Article © Derek Heath, uploaded January 01, 2002.
I was recently lucky enough to spawn a loricariid that I believe is Parotocinclus spilosoma. Fowler listed the type specimen as coming from Camp Grande in the state of Paraiba (Parahyba), Brazil. Paraiba is on the extreme east coast of Brazil about eight degrees south of the equator. Campina Grande is Northwest of Recife. The fish spawned 2 and a half months after I acquired them.
The fish are kept in a bare bottomed tank that measures 60 x 30 x 30cm and holds about 15 gallons U.S. The bottom and back of the tank are painted black. The tanks' decorations consists of a piece of slate (12 x 12cm), a small potted crypt, and a few other crypts that are floating in the tank while I get around to potting them up. The slate is propped up off the bottom on one side by 2-3cm by a small piece of driftwood. The tank is part of a bank of 8 tanks that are filtered through a home-made trickle filter. Although the water returning to the tank from the sump produces a good current the fish do not seek out this current specifically and can be found anywhere in the tank. The tank's lights are on for 15 and a half hours a day.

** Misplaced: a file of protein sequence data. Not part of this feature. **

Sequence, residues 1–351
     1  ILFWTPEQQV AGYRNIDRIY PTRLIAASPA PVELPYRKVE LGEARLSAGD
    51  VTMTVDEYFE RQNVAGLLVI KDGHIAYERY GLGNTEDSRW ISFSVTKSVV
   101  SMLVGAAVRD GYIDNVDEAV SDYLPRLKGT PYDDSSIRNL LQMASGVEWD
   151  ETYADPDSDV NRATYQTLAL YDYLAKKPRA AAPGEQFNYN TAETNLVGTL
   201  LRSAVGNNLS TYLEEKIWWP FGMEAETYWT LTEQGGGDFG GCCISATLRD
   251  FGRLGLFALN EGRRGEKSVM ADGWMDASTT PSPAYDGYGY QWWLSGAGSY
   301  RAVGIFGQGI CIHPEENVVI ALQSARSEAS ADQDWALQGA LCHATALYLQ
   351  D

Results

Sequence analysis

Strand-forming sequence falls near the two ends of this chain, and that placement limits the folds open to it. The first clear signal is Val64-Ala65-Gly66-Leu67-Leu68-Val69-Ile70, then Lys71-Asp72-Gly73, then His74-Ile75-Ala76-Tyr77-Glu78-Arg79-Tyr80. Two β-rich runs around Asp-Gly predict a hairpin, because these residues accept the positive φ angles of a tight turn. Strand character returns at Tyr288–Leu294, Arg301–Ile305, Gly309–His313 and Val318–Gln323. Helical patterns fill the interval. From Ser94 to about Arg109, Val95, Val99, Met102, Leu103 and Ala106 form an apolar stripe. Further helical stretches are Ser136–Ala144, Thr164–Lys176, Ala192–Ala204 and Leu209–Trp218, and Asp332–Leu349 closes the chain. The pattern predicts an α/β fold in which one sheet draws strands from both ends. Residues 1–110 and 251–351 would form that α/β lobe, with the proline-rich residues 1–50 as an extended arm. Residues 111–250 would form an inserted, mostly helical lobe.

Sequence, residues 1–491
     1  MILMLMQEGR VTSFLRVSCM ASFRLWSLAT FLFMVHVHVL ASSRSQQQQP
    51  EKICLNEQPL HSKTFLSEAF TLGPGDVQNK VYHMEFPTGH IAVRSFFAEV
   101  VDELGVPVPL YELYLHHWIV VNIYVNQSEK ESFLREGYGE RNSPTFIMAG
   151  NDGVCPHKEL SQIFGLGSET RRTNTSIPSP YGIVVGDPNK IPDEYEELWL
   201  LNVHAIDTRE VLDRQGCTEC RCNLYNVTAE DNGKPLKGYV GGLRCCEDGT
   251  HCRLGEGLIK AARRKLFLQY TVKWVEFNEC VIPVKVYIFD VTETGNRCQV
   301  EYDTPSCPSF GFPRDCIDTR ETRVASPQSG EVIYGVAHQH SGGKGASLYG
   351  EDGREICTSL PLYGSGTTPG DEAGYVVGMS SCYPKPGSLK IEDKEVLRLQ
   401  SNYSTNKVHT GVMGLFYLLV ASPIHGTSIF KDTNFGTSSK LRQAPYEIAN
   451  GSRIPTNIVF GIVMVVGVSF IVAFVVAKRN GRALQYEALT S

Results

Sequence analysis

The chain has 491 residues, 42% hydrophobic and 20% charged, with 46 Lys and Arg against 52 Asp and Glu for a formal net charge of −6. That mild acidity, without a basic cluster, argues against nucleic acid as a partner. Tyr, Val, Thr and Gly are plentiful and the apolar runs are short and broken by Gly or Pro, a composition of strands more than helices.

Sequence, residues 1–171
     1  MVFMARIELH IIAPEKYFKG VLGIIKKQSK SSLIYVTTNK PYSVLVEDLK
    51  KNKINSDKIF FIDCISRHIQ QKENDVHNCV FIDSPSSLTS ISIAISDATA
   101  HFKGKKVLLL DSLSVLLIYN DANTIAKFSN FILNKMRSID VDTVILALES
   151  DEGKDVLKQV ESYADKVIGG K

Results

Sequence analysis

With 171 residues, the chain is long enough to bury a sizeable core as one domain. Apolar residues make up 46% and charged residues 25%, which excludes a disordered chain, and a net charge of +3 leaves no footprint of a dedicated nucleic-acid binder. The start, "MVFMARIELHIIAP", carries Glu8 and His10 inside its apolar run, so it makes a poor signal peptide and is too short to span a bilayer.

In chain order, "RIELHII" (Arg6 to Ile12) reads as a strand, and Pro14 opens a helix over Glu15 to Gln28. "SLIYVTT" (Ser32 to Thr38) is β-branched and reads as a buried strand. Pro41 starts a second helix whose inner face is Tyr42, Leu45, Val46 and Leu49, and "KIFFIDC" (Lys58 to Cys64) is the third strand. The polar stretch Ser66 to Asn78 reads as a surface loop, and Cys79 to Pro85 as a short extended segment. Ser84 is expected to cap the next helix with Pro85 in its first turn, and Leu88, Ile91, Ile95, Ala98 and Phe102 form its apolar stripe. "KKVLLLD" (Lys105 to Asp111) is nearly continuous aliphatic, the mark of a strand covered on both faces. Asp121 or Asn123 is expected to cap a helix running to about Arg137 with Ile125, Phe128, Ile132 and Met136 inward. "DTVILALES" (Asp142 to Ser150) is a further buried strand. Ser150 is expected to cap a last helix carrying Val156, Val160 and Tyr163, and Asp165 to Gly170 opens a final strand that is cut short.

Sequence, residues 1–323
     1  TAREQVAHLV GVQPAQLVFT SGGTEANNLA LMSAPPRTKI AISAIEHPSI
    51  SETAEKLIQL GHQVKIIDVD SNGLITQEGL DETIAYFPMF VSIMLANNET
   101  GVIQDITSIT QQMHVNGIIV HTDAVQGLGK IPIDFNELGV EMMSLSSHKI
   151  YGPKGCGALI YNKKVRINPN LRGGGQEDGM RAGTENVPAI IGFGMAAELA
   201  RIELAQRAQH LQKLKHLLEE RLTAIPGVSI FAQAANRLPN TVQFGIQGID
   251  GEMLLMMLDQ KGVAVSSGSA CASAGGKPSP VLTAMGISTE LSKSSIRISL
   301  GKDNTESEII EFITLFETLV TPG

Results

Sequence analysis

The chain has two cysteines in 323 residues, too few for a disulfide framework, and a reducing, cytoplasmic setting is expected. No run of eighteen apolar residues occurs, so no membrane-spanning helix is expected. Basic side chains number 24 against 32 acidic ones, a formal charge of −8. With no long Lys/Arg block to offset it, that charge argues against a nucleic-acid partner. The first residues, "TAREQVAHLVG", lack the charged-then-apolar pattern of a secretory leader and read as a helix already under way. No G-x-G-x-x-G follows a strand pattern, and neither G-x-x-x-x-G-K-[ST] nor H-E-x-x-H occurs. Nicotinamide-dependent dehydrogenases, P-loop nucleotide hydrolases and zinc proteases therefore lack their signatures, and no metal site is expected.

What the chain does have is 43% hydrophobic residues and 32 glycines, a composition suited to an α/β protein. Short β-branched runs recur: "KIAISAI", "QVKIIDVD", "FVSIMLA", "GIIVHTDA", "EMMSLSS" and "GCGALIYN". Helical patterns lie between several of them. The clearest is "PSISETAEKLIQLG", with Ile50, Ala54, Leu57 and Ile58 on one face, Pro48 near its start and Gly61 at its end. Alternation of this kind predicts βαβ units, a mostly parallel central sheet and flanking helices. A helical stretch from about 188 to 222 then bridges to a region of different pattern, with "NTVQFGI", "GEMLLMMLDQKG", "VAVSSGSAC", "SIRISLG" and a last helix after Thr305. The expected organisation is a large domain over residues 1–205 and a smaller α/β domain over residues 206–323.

The fish assumes a darker basic colouration when resting on a dark tank base.
Water conditions in the tank are temperature 28C (82F), 3GH, and pH 7.2. Twenty percent water changes are performed weekly using tap water. The water changes drop the temperature by 2-3C (4-5F) and both spawnings to date have occurred within two days of a water change.
The adult's staple diet consists of a basic flake food that is supplemented with newly hatched brine shrimp and occasionally (twice a week) some chopped frozen blood worms. Since the appearance of fry, microworms are also fed. I have tried cucumber, zucchini and broccoli but they have always been ignored. The fry will eat zucchini, but they do not attack it in swarms as Ancistrus fry do. The Parotocinclus fry will also abandon the zucchini when flake food is offered.